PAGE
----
(Closed) Are directions and accommodations necessary in invites?

posted 7 years ago in Paper
  • poll: Are directions and accommodations necessary?

    Yes to both

    Directions are

    Accommodations are

    No to both

  • Post # 16
    Member
    6263 posts
    Bee Keeper
    • Wedding: September 2013

    View original reply
    rosecut:  no, many other people seem to like it. In my area and social group it’s a big no-no.

    Post # 17
    Member
    30393 posts
    Honey Beekeeper
    • Wedding: November 1999

    View original reply
    rosecut:  As I said, times are changing, but it is still not polite to tell your guests you expect gifts, and that is what you are doing when you include a registry.

    Would cash be so bad, if your guests choose not to make the effort to find out where you are registered?

    Post # 18
    Member
    257 posts
    Helper bee
    • Wedding: March 2014

    View original reply
    rosecut:  I think it somewhat depends on the formality of the wedding.  For a more formal wedding, you might want to include the cards with directions and accomodations, as a polite conveince for your guests. It’s how it used to be done, again, for formal, traditional weddings. If yours is not either, absolutely forgo it!  But if you’re wavering back and forth, those are the things that would make me consider including it.

    Also I will echo PP sayings that including registry information with a wedding invite is considered crass.  As you say, people these days have the internet, and I would be put off to see that a couple wasn’t able to figure out this piece of ettiquite with the internet at their disposal.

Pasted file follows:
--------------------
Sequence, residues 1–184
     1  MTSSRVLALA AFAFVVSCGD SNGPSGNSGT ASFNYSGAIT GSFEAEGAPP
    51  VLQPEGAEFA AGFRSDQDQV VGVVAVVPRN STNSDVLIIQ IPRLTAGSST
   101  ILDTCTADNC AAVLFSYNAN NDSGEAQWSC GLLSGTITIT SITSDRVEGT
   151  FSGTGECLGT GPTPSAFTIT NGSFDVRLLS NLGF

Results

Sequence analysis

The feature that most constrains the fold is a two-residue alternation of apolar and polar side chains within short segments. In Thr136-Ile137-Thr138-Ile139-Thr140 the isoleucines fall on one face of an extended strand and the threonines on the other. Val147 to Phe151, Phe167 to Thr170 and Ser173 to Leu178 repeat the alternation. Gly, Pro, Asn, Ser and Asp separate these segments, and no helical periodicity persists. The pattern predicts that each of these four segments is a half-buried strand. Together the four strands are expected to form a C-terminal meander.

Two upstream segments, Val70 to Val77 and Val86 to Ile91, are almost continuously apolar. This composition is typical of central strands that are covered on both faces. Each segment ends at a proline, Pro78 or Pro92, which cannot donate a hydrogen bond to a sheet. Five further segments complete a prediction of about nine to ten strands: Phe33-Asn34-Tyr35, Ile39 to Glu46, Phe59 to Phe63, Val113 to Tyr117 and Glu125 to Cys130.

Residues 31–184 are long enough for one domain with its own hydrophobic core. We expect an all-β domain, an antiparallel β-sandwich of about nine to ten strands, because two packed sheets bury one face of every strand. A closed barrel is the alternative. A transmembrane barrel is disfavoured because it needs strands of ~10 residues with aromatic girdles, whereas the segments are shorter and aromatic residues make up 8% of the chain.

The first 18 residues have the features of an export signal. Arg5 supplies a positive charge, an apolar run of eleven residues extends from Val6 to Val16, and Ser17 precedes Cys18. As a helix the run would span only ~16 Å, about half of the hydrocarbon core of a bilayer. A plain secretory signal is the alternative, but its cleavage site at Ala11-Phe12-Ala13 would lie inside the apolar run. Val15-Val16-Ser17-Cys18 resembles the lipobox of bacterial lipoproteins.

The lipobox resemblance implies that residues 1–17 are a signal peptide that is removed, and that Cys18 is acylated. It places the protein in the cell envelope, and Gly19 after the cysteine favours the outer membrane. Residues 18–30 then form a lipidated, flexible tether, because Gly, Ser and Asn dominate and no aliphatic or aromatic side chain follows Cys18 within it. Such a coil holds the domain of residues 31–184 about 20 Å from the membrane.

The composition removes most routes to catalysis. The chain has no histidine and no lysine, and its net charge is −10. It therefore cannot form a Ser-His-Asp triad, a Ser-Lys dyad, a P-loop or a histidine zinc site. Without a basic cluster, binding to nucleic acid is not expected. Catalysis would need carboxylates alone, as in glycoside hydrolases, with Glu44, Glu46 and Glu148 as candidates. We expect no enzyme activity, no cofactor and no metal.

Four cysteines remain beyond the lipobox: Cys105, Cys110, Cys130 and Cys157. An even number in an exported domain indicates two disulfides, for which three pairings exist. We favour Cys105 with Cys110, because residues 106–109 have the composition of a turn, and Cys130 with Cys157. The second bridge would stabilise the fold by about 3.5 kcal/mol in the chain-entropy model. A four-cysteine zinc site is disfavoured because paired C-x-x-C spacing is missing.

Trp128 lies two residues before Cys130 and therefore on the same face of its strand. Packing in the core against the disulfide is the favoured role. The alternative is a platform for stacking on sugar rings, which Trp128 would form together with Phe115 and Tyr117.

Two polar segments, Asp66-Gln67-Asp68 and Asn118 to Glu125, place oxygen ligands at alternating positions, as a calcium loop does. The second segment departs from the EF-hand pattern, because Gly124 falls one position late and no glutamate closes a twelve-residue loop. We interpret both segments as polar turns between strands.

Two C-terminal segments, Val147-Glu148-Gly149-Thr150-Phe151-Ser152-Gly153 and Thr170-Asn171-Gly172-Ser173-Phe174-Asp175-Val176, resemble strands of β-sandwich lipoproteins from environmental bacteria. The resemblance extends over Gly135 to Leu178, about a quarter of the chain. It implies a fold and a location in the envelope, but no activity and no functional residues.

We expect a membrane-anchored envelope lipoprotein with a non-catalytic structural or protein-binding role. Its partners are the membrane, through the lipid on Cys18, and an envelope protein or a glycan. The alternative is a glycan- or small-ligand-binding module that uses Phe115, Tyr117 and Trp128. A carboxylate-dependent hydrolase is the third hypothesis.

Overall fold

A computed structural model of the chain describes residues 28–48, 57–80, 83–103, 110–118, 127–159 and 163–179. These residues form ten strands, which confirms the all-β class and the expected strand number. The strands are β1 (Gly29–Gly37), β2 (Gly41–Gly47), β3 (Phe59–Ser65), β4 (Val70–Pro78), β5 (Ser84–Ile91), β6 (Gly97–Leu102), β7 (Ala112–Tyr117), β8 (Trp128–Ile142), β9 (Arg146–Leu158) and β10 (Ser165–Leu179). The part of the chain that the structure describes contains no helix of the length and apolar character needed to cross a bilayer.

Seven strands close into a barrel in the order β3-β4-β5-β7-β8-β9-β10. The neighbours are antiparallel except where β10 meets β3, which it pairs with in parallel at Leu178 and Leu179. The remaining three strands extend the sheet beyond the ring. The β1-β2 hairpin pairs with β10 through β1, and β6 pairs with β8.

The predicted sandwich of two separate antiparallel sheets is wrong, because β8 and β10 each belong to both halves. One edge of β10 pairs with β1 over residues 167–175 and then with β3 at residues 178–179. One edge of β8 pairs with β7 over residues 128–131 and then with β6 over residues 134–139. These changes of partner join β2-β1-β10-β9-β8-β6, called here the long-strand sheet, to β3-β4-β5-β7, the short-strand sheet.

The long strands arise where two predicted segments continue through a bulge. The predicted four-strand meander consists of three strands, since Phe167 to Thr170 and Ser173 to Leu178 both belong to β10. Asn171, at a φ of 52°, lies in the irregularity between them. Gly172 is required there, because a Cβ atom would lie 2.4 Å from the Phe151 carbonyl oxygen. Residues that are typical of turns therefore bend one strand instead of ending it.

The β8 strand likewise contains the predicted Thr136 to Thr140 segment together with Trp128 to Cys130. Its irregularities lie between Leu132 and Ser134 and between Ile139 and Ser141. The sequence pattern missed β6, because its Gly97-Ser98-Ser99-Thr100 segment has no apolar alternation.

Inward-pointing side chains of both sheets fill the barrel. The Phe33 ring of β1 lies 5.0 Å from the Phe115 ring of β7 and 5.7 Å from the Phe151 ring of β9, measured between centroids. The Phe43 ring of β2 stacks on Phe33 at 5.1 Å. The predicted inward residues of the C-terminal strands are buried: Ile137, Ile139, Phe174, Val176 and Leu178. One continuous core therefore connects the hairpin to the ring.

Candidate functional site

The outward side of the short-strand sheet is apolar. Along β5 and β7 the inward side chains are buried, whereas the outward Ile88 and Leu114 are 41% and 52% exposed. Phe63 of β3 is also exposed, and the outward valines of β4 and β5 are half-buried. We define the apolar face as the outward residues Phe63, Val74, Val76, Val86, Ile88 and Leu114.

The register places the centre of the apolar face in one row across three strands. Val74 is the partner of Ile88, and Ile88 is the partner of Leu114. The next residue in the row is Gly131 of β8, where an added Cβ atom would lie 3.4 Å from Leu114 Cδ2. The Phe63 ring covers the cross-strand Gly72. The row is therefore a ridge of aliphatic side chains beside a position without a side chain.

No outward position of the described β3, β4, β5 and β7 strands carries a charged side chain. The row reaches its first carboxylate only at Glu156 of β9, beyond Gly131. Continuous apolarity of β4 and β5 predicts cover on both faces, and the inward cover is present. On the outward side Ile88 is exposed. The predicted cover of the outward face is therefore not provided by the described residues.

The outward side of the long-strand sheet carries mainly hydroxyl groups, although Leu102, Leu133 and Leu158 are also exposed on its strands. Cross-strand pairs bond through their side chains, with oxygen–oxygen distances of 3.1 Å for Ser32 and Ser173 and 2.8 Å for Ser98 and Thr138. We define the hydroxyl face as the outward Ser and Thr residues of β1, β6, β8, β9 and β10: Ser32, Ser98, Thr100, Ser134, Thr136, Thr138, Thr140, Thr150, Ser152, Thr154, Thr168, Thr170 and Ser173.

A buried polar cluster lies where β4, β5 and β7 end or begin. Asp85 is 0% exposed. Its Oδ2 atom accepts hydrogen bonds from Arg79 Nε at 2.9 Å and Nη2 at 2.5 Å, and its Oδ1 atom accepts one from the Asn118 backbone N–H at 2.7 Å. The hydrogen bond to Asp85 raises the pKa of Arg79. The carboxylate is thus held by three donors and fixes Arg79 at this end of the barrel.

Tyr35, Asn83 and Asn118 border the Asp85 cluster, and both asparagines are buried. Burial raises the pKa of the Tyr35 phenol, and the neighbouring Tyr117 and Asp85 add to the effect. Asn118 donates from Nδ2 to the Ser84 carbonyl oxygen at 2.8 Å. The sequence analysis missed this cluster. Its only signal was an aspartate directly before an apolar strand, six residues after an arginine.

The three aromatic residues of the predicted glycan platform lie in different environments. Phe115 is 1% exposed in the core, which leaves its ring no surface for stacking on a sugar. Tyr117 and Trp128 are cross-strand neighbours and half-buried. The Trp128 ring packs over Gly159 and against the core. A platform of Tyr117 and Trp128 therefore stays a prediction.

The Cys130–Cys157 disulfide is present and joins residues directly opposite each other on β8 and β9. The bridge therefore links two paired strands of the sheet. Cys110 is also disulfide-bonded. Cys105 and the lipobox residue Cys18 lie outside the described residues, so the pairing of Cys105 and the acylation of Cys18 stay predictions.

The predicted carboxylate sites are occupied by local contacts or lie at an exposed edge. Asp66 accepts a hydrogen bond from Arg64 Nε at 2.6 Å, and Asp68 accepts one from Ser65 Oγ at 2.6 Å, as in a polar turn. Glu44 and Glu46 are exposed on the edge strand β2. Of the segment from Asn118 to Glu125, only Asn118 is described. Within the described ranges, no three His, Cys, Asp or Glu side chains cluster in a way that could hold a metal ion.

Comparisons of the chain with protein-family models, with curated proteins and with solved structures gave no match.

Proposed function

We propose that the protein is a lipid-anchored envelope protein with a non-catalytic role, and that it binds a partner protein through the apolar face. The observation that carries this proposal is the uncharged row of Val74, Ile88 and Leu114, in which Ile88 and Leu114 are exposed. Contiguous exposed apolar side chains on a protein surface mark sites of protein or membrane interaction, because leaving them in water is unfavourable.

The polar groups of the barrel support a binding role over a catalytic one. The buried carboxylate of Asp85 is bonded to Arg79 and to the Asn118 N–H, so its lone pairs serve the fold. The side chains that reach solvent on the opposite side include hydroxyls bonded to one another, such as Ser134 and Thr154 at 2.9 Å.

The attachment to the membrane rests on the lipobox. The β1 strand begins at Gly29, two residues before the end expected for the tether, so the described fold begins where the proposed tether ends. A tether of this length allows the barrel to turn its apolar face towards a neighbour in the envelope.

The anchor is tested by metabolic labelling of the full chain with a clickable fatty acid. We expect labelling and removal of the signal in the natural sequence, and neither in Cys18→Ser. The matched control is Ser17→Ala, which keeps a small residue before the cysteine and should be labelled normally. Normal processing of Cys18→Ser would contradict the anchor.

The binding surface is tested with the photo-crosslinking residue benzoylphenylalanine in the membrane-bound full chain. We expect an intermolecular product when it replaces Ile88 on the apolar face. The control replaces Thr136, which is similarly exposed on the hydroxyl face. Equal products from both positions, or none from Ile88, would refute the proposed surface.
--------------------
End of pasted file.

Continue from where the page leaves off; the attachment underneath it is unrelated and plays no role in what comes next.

More so, now that I think about it, many people don’t do the accomodations and directions and reception cards these days to save money both on the invitations and the postage (because all that does add to the weight)… so if I received an invitation that left out that stuff–while I normally wouldn’t blink at that–I would be quite put off if ALL that which is helpful to the guests was left out, but a card for the REGISTRY was included.  Ugh.  Yeah that would just scream to me “We want your presents more than your presence.”

    Post # 20
    Member
    257 posts
    Helper bee
    • Wedding: March 2014

    View original reply
    rosecut:  Honestly that’s more of a reason to just leave it out. 

    Look, people are going to give you WHATEVER they want.  If they are the kind of people who give money at weddings, they will.  If they like to give gifts and like to pick them out, it won’t matter what you have on the registry, they’ll just buy what they want.  If they like to give gifts and want to ensure they get something they want, they will want to buy off your registry.  So they will ask SOMEONE.  Your parents, his parents, or you directly!  “Word of mouth” doesn’t mean the guests have to know each other, it just means they will find out by asking.  Really, it’s a classier way to go about it than putting it in your invite.

    Why are you so against a website?  The Knot and WedddingWire make it SO each even if you’re not tech savvy and it’s a really nice way to have all the information, for free, politely available for your guests… directions, registry, contact, some photos if you want.  You can even make it password protected if that’s an issue. I don’t think everyone MUST have a website, but if you’re conflicted about the enclosures, it seems like an easy solution.  

    Post # 21
    Member
    8466 posts
    Bumble Beekeeper
    • Wedding: August 2012

    I’d much rather have a map than a registry listing. Usually you can just google the person’s name + “registry” and it will come up anyway. If you do opt not to do the map, make sure you google your venue and make sure it’s correct. DH and I spent forever driving around looking for a venue once…so annoying.

    Post # 24
    Member
    342 posts
    Helper bee